Three years into their five year mission, the Enterprise is sent on a rescue mission into an uncharted nebula. Once there they are swarmed by a fleet of small ships, attacked badly, and are forced to abandon ship. The leader of these aliens Krall (Idris Elba) captures Uhura (Zoe Saldana) and Sulu (John Cho) as well as most of the crew looking for a relic Kirk (Chris Pine) obtained on a previous mission. Kirk and Chekov (the late Anton Yelchin) are stranded elsewhere, as are Spock (Zachary Quinto) and Bones (Karl Urban). While Scotty (Simon Pegg) meets a resourceful ally Jaylah (Sofia Boutella) who wants them to help her leave this world.
The plot isn’t constructed as tightly as it could be. Given where the story goes, and the twists it takes though interesting in the moment, the details don’t really match up and are in some points unexplained -particularly with regards to the villain’s actions and motivations. But you can tell this is written by a Star Trek fan who clearly knows this universe and how to write these characters. This is the crew you know, their interactions and personalities are spot on, giving the film an energy and making it enjoyable despite the plot contrivances. And being a Simon Pegg script, it of course is peppered with great little jokes.
Kirk is finally coming into his own and in a number of scenes makes for a believably competent leader. I credit this to Pine’s performance as much as the script. Spock’s character arc is essentially one big tribute to Leonard Nimoy. Other characters like Bones and Scotty get to grow. I’ve always loved Bones’ attitude, and he partakes more in the action which I appreciate. And Scotty, though often the sarcastic one, is allowed to be inspiring. We get a glimpse of Sulu’s family, Chekov’s constantly being given more responsibility, and paired off as the cast is, each character gets noteworthy moments. The scenes between Spock and Bones, always one of the more enjoyable relationships due to their constant banter, are played very well and are a lot of fun. Kall is a stock villain though, who’s not really compelling until you learn his backstory. But Jaylah is a really enjoyable new character.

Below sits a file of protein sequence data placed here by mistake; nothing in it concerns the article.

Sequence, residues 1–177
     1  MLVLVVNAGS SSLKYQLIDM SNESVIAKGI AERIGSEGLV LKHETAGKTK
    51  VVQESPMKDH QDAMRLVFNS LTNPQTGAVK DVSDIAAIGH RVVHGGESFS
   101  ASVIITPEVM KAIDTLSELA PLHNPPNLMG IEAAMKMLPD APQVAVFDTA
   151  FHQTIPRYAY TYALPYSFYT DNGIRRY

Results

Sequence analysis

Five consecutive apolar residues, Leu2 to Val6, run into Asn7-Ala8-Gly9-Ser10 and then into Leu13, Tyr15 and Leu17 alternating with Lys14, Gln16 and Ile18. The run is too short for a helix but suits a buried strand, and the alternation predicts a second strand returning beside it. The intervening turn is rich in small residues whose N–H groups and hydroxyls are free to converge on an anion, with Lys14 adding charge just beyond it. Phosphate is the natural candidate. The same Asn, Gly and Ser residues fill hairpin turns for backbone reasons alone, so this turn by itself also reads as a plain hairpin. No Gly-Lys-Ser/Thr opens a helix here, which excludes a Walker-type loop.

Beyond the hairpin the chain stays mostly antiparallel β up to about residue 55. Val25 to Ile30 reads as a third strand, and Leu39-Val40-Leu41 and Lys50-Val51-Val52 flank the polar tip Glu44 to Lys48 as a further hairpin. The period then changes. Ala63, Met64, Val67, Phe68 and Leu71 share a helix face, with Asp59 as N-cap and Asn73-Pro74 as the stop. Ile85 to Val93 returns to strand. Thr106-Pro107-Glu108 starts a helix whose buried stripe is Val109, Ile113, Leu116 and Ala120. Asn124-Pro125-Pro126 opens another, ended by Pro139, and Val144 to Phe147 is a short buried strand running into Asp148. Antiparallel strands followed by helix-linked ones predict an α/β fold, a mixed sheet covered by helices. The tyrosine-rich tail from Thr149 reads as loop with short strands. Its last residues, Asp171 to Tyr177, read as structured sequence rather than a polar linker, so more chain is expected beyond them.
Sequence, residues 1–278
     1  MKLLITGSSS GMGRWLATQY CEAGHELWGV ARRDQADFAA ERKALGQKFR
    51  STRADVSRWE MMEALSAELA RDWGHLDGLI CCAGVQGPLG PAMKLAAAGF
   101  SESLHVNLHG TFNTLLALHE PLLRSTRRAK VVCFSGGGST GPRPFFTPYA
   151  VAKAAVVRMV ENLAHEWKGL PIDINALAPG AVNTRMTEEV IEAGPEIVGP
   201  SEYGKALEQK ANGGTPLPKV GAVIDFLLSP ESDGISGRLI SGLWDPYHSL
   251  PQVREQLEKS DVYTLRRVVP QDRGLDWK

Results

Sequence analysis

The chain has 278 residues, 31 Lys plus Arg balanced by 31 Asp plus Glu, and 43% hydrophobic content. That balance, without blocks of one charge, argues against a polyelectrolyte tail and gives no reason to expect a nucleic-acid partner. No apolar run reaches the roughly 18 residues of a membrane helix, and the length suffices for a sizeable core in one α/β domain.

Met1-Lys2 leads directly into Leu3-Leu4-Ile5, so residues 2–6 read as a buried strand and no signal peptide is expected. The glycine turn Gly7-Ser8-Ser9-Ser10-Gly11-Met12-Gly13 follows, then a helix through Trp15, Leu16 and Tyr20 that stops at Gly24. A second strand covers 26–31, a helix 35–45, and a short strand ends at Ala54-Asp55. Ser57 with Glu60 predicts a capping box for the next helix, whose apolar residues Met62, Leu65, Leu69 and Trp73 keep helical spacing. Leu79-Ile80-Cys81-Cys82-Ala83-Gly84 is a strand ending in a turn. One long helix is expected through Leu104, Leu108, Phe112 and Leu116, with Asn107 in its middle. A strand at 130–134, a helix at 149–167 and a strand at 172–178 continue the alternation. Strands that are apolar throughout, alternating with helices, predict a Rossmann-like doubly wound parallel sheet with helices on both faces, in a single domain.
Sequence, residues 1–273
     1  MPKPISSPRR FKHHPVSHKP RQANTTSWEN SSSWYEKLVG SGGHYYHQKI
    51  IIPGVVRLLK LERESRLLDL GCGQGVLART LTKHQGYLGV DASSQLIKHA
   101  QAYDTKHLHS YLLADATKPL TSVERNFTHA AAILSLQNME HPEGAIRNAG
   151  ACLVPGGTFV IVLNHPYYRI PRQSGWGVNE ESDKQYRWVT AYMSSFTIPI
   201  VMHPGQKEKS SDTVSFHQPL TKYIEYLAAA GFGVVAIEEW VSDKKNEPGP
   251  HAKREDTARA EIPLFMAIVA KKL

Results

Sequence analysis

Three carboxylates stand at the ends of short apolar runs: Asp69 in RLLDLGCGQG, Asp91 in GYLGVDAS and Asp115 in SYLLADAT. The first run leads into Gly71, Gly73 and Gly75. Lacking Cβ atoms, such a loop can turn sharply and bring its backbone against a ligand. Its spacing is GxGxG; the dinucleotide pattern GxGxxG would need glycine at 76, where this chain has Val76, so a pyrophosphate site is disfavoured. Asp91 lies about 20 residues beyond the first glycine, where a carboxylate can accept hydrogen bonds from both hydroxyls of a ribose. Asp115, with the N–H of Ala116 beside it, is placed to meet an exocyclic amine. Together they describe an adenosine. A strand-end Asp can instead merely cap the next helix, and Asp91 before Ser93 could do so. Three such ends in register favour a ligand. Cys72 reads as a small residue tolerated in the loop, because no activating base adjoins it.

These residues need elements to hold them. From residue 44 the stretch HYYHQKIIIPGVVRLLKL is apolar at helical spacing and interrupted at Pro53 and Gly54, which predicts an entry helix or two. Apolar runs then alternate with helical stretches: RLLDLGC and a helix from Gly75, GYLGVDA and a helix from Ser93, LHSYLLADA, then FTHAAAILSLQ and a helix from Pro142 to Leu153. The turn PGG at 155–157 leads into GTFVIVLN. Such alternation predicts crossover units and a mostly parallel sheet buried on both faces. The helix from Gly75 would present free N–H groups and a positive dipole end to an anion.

Unlike the last film, this one does something really different by placing its cast for the majority in a different environment with a unique kind of conflict. It was a great move to scatter the cast and strand them from most of their technology as it allowed the stakes to be much more threatening. The villain had a more valuable bargaining tool and his technology was pretty intimidating too. There’s a line he has about the frontier “fighting back” against the Federation, which interestingly draws the Federation in early North American parallels. And this with its’ far-fetched but serious plot, and some corny banter added to the exotic situation (not to mention a couple redshirts), it wound up being very reminiscent of an original Star Trek episode. Just with a much higher budget and the director of the Fast and the Furious movies.
Yeah, Justin Lin is at the helm of this movie and in some scenes you can tell. The action is very elaborate -some of the best the franchise has given us, and there’s even a sequence where Kirk manages a rescue on a motorbike. But Lin knows enough that this film can’t be entirely madcap and lets it breathe once in a while. The make-up effects on the aliens are pretty decent and the production design quite good (even if the starbase Yorktown seems ripped off of Guardians of the Galaxy).
But more than that, Star Trek Beyond captures the spirit of Star Trek feeling very much an adequate celebration while also its own story. The perseverance of humanity and allure of exploration are clear Gene Roddenberry themes. It pays tribute, and throws in small homages in some way or other to each series. It’s certainly not a pillar of intrepid science fiction storytelling the way a few of the other films and a number of episodes over the past fifty years have been, but it does manage to be unmistakably Star Trek, living up to its title of going beyond and reassuring audiences the legacy will continue another fifty years.